Two Chinese-Australians questioned about their allegiances while giving evidence to a parliamentary committee this year say the furore over an offensive war crimes tweet signifies a troubling increase in tribalism.
In October, Yun Jiang and Osmond Chiu, along with Wesa Chau, were asked by Liberal senator Eric Abetz to unconditionally condemn the Chinese Communist party during a Senate inquiry which was investigating issues affecting diaspora communities in Australia.
Jiang, who writes about China for Australian National University, and formerly worked at the Department of Prime Minister and Cabinet, said she was perplexed as to why the tweet had gathered so much attention.
The tweet, from the account of China’s foreign ministry spokesman Zhao Lijian, showed a doctored image of an Australian soldier holding a knife to the throat of an Afghan child.
The prime minister, Scott Morrison, described it as repugnant and demanded an apology, and several Australian allies – including the US, France and New Zealand – backed his approach.
In Australia, Jiang said the backlash over the tweet illustrated the increasing challenges for those with Chinese heritage in Australia.
“Chinese-Australians are basically in a double bind,” she said.
“There’s a lot of diversity within the Australian-Chinese community, of course. But there’s a sense with the escalating rhetoric that if you don’t support the Australian government perspective, you’re supporting China.
“There is [also] a problem that there are people who argue for a more nuanced response or a considered debate that are painted as an apologist for the CCP.”
Chiu, a research fellow at the Per Capita thinktank, said the reaction to the tweet, like the questioning he was subject to by Abetz, reinforced propaganda that could be used against Australia.
He said this was a product of having two different debates about China – one relating to domestic affairs, and the other about geopolitics – at the same time.
“When it comes to the Australia-China relationship, we keep trying to have two very separate conversations in parallel,” he said.
“One is more focused on domestic politics while the other is internationally focused and geopolitically minded. Increasingly these two different conversations keep crashing into each other and [that] is not without a cost.”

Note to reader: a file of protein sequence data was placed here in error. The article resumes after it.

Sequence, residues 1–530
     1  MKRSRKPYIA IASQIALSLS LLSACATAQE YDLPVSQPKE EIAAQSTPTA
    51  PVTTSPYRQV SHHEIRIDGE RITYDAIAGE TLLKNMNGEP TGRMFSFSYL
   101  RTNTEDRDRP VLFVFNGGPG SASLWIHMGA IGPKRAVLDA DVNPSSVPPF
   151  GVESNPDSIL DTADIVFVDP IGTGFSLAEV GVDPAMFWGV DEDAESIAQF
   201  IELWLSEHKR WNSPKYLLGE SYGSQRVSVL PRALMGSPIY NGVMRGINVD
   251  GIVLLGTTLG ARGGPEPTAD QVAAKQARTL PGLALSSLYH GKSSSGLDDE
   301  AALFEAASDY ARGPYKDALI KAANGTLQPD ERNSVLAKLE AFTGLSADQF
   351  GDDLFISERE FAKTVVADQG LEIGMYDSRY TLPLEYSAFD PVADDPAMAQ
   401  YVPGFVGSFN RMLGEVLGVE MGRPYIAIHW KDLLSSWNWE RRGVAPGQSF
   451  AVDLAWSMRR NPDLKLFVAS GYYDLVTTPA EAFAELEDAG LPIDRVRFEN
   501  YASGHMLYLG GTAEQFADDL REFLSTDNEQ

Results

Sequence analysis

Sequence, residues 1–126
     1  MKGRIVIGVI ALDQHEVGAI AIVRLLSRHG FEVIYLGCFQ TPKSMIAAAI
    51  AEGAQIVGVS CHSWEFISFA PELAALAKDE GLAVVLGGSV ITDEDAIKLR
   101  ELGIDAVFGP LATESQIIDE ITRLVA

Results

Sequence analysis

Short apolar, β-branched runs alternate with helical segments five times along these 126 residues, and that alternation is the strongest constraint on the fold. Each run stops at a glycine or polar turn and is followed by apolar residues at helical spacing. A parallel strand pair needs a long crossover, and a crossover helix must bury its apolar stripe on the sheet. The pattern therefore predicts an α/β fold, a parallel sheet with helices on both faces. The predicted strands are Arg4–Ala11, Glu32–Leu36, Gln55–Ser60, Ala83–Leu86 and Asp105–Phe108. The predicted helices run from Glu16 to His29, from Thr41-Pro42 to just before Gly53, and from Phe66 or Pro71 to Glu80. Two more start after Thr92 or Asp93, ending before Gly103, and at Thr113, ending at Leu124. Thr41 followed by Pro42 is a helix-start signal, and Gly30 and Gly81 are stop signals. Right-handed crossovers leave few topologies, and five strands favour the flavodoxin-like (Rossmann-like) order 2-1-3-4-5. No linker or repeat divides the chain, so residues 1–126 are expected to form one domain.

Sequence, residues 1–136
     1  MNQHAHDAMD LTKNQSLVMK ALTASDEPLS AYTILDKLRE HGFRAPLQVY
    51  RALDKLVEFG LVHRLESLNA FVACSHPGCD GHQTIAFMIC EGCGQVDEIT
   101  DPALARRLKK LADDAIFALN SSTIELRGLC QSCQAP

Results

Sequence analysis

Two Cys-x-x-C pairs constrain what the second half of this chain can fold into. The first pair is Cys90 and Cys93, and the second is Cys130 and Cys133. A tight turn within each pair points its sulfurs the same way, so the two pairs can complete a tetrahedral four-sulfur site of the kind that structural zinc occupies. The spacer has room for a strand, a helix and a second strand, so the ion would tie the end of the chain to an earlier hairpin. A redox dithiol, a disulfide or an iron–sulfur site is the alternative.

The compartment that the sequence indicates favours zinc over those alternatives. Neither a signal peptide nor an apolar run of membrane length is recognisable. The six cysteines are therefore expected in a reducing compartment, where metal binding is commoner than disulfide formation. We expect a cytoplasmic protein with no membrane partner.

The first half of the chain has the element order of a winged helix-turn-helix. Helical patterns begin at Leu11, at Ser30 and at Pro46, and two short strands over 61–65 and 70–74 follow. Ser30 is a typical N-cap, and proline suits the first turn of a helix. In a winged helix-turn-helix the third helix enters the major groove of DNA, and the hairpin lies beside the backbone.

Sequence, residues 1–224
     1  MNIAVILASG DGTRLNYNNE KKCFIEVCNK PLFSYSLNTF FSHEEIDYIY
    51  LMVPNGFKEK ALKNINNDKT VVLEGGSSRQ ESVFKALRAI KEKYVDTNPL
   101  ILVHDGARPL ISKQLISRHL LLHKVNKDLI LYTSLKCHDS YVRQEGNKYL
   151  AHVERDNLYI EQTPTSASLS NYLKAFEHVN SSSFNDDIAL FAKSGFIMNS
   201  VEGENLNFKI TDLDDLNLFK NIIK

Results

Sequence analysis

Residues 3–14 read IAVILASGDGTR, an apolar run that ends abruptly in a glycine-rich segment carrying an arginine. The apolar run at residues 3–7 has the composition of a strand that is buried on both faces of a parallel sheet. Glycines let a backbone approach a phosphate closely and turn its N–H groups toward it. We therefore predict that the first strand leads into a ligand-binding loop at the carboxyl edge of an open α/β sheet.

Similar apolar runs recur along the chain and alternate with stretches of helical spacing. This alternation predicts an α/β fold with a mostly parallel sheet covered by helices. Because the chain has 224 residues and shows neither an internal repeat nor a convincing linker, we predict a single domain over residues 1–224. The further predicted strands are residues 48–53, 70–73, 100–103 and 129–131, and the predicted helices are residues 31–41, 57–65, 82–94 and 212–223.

The tweet came during a low-point in diplomatic relations, amidst an escalating trade dispute and with Australian authorities continuing to crack down on Chinese foreign interference, including using new national security laws for the first time to charge a Melbourne man last month.
On the Chinese social media platform Wechat, which censored posts about the tweet made from Morrison’s account this week, Chinese-Australians debated the deteriorating relationship between the countries.
Australia’s most popular Chinese language Wechat account, Sydney Today, published an exclusive with comments from several Chinese Australians in the aftermath of the graphic post.
A screenshot of a statement sent to a Sydney Today reporter by Liberal MP Gladys Liu reads: “Ms Liu condemns the photo by Zhao Lijian in the strongest terms. It is offensive and not representative of the highly respected Australian Defence Force. Ms Liu is fully supportive of the Prime Minister’s demand for an apology from the Chinese government.
“The entire Australian Government, all sides of politics, are supportive of the Prime Minister in this matter.”
A former Chinese diplomat now living in Australia, quoted under the pseudonym of Michael Song, said Zhao was only a deputy secretary level member of the CCP and it was unnecessary for Morrison to engage with him.
“Zhao is a diplomatic representative of the wolf warriors, his style is like Trump,” Song said. “Australia doesn’t compete head on with Trump, there’s no need to compete head on with the Chinese Ministry of Foreign Affairs.”
Song said that Australia faces an uphill battle in the trade war, as China was both the buyer and an emerging superpower that would use Australia as an example for other nations.
“Both countries are now desperate to save face, but Australia will lose more.”
For the Chinese readership of Sydney Today, the reaction has been mixed, some defending the tweet and describing Morrison’s chosen response as “childish” and “emotionally fragile”.
Others were more blunt: “Yes the image was wrong. It was two boys they killed.”
This is a reference to an unproven claim included in the Brereton report that Australian soldiers cut the throats of two 14-year-old boys who were suspected of being Taliban sympathisers.
Several readers also disparaged China’s diplomatic tactic as “picking on the weak” by targeting Australia and accused China of covering up its own human rights abuses.
One commenter wrote: “Has China ever apologised? What right does it have to ask for an apology?”
Xu Yaohan, a Chinese-Australian lawyer who runs a local Wechat group, said members of the Chinese-Australian community are the ones caught in the crossfire of Beijing and Canberra’s “information wars”.
“The Chinese people living in Australia are innocent in all this,” Xu said.
“My primary concern is how the Australian government is going to support the Chinese-Australian community and lessen the burden and hurt they’ve suffered.
“Because when relations were sweet as honey between Australia and China, the Chinese-Australian community were the ones who made contributions.”